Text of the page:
Banks and other financial firms have been given a £1.2 billion discount on FCA fines
Banks and other financial firms which are subject to enforcement action by the FCA can receive discounts of up to 30% on their fines if they settle their case. Between 2013 and 2017 banks and other financial firms were given discounts of £1.2 billion by the FCA on their fines.
Lord Sharkey has proposed an amendment to the Criminal Finances Bill which would require banks and other financial firms to identify and take disciplinary action against the staff responsible for the misconduct before they can receive the full discount on an FCA fine.
Lord Sharkey said: “The amendment proposes to put the gigantic discount mechanism to better use. This is a simple proposal. It would give the FCA more power, more say and more insight into how transgressors had modified their behaviour and addressed individual and structural capability. It would give the firms involved a powerful incentive to take proper remedial action – which, unfortunately still seems to be needed.”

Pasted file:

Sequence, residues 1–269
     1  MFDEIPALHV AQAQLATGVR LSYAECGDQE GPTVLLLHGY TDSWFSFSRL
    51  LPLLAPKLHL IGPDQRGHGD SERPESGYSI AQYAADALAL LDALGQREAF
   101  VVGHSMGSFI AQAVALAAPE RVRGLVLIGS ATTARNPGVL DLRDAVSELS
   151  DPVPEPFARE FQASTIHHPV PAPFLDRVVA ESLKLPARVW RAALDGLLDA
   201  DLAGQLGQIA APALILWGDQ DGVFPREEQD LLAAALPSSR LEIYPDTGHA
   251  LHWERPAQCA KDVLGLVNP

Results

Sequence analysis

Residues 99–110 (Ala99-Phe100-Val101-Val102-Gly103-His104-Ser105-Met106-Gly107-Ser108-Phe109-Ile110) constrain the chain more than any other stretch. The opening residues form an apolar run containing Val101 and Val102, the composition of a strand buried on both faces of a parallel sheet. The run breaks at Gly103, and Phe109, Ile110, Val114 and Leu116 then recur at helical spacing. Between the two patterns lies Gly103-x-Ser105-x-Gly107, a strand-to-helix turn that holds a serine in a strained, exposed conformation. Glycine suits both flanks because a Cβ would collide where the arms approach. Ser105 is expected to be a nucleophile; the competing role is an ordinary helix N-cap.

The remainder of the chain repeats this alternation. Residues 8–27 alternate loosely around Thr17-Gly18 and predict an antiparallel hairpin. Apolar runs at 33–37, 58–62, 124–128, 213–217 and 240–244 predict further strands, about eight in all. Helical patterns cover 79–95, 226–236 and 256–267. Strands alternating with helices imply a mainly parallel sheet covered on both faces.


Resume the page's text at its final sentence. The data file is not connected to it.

In June 2013 the Parliamentary Commission on Banking Standards recommended that the FCA and the PRA conduct a review of their penalty setting framework to allow a “further substantial increase in fines”. Three and a half years later this has yet to be undertaken.
Between 2013 and 2017 the FCA levied 82 financial penalties on banks and other financial firms, fining them a total of £3 billion. But firms received discounts totalling £1.2 billion. Without these discounts banks and other firms would have been fined £4.2 billion.
Of the 82 financial penalties levied, on 66 occasions firms received a discount of 30%, on 8 occasions firms received a discount of 20% and on 8 occasions firms received no discount.
Deutsche Bank has received the largest total discount on its FCA fines at £165 million followed by RBS at £157 million and JP Morgan at £155 million. The top 5 discounts applied to individual fines were all to penalties for FX manipulation.
|Top 5 largest discounts on specific fines|
|The Royal Bank of Scotland||£93,000,000|
Revenue raised from FCA fines (after the deduction of enforcement costs) is received by HM Treasury and is used to fund armed forces and emergency services charities and other good causes.
The Criminal Finances Bill seeks to make the legislative changes necessary to give law enforcement agencies, and partners, capabilities and powers to recover the proceeds of crime, tackle money laundering and corruption, and counter terrorist financing.
In October 2016, New City Agenda published the report “Cultural Change in the FCA, PRA and Bank of England: Practising What They Preach?”